Trust, But Verify: The Key Management Tool To Build Team Satisfaction

Delegation is one of the hardest management tools for leaders to learn.

We all understand that micromanaging your employees isn’t good for anyone, but when you’re used to being involved in everything, it can be hard to let go. It gets easier as you hire great people and implement sound processes—watching your company grow without your fingerprint on everything is a beautiful thing.

Perspective helps too.

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The Ultimate Guide to Remote Standups

Remote work is growing fast in the United States.

Since 2005, the number of people working from home at least half the time has more than doubled according to Global Workplace Analytics. Even more interesting, as many as 90% of workers in the US would prefer to work from home a few days each week.

Work as we know it is changing.

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And while most would agree that the trend is positive, there are plenty of growing pains associated with remote work, namely meetings. As offices change, communication is changing too.

For better or worse, meetings are a staple of nine to five life. But the traditional model doesn’t translate well in remote settings, where people are spread across time zones, coffee shops and coworking spaces. Asynchronous communication is key to making a distributed team work. It’s time to rethink the way me meet.

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The Most Effective Way of Combating the Problem of Standup Tardiness

You’re responsible for coordinating a daily standup with a team of developers, and you’re consistently faced with the same pesky problem: standup tardiness.

Every day you try to have a standup at about the same time, and no matter how hard you try, someone still doesn’t show up on time. This wouldn’t be as big a deal if it were an hour long meeting, but missing eight minutes of standup is missing most of it! Or, if you don’t start without them, you find yourself waiting fifteen minutes to hold a ten minute meeting. The whole point of the standup is to quickly communicate your daily schedule.

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You’ve tried different times of the day, you’ve tried giving warnings, and you’ve even stopped making them physically stand up—but, still, all your efforts have proven futile.

The reason: one fundamental misunderstanding between developers and managers.

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Why You Will Gain Freedom with a Set Creativity Schedule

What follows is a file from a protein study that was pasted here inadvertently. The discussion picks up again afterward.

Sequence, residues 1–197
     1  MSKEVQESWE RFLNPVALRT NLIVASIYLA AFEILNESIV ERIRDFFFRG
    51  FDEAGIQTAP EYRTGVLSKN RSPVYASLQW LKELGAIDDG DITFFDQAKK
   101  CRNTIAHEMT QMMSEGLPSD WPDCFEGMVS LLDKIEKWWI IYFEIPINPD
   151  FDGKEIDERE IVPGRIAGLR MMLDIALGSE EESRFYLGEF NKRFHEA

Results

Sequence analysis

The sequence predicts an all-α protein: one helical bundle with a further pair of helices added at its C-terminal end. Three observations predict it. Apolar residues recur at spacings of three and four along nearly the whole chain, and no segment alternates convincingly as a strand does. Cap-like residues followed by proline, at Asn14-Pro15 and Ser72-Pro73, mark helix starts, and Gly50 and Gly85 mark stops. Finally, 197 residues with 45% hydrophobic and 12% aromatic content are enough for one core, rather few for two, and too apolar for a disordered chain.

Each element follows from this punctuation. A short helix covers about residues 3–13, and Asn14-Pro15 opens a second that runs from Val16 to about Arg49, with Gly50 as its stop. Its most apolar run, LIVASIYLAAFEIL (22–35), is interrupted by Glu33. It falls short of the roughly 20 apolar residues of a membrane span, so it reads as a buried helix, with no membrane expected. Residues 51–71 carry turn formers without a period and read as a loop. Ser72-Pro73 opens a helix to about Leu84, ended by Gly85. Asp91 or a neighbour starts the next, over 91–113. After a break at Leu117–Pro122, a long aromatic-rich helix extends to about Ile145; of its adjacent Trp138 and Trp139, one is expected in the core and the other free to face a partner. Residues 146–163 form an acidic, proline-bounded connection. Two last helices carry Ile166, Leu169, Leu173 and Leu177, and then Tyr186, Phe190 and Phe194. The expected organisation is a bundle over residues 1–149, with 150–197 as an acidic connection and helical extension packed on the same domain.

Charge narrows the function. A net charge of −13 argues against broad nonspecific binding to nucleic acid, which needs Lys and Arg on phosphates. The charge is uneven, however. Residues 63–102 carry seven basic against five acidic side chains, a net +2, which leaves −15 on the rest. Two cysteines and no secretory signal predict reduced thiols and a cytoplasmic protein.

Create an oasis of quiet by creating boundaries of space and time.

Ira Glass not only hosts the popular public radio show, This American Life, but also writes, edits, performs, produces, and manages. There’s plenty of work to keep him busy, which is why he confessed to Lifehacker that his worst habit is that he procrastinates … by working.

He explains:

Ira GlassIn addition to being an editor and writer on my radio show, I’m also the boss, and deal with budgets, personnel stuff, revenue and spending questions, and business decisions… [W]hen I should be writing something for this week’s show, I’ll procrastinate by looking over some contract or making some business phone call or doing something else that actually isn’t as important as writing.

When you’re wearing lots of hats, the temptation to procrastinate by working is high, and it’s usually creative priorities and projects that wind up getting the short end of the stick. The double whammy is that not only do you feel guilty and demotivated for not getting to priorities, you also feel worse and burned out from working so much anyway.

In order to reliably get to your creative priorities, the solution is to carve out a deliberate creativity schedule. Without it, the work you put off will be creative work as other tasks seem easier to get through and justifiable, to boot, as part of your job.

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Productivity and Happiness at Work: The Best of the Internet

PUBLISHED by catsmob.com

This dog’s ready to rumble! Now read the best of what we shared on the interwebs this week:

Breaking the Bad Meeting Habit

How ShopLocket uses iDoneThis to Maximize Progress

What a messy desks says about you

Do —> Measure —> Learn faster